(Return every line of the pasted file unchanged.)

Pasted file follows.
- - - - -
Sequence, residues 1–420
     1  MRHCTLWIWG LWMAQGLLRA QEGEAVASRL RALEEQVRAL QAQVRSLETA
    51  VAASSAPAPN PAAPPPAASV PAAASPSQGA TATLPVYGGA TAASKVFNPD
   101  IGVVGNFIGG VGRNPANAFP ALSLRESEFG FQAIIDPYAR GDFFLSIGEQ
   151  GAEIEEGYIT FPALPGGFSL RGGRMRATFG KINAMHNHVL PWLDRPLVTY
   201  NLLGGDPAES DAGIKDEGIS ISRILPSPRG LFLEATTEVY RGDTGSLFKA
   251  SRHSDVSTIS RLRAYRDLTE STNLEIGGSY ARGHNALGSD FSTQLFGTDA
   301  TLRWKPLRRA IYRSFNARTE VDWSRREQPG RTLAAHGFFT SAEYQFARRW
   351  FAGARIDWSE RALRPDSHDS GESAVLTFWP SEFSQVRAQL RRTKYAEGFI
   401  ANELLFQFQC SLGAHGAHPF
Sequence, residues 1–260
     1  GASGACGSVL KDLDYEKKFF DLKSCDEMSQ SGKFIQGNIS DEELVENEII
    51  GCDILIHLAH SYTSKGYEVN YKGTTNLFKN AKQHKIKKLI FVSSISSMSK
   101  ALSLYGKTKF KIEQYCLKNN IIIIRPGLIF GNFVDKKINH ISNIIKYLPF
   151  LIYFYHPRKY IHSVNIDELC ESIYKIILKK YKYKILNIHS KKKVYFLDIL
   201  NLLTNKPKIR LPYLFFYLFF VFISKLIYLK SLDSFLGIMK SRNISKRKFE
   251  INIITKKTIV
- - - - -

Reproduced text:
Sequence, residues 1–420
     1  MRHCTLWIWG LWMAQGLLRA QEGEAVASRL RALEEQVRAL QAQVRSLETA
    51  VAASSAPAPN PAAPPPAASV PAAASPSQGA TATLPVYGGA TAASKVFNPD
   101  IGVVGNFIGG VGRNPANAFP ALSLRESEFG FQAIIDPYAR GDFFLSIGEQ
   151  GAEIEEGYIT FPALPGGFSL RGGRMRATFG KINAMHNHVL PWLDRPLVTY
   201  NLLGGDPAES DAGIKDEGIS ISRILPSPRG LFLEATTEVY RGDTGSLFKA
   251  SRHSDVSTIS RLRAYRDLTE STNLEIGGSY ARGHNALGSD FSTQLFGTDA
   301  TLRWKPLRRA IYRSFNARTE VDWSRREQPG RTLAAHGFFT SAEYQFARRW
   351  FAGARIDWSE RALRPDSHDS GESAVLTFWP SEFSQVRAQL RRTKYAEGFI
   401  ANELLFQFQC SLGAHGAHPF
Sequence, residues 1–260
     1  GASGACGSVL KDLDYEKKFF DLKSCDEMSQ SGKFIQGNIS DEELVENEII
    51  GCDILIHLAH SYTSKGYEVN YKGTTNLFKN AKQHKIKKLI FVSSISSMSK
   101  ALSLYGKTKF KIEQYCLKNN IIIIRPGLIF GNFVDKKINH ISNIIKYLPF
   151  LIYFYHPRKY IHSVNIDELC ESIYKIILKK YKYKILNIHS KKKVYFLDIL
   201  NLLTNKPKIR LPYLFFYLFF VFISKLIYLK SLDSFLGIMK SRNISKRKFE
   251  INIITKKTIV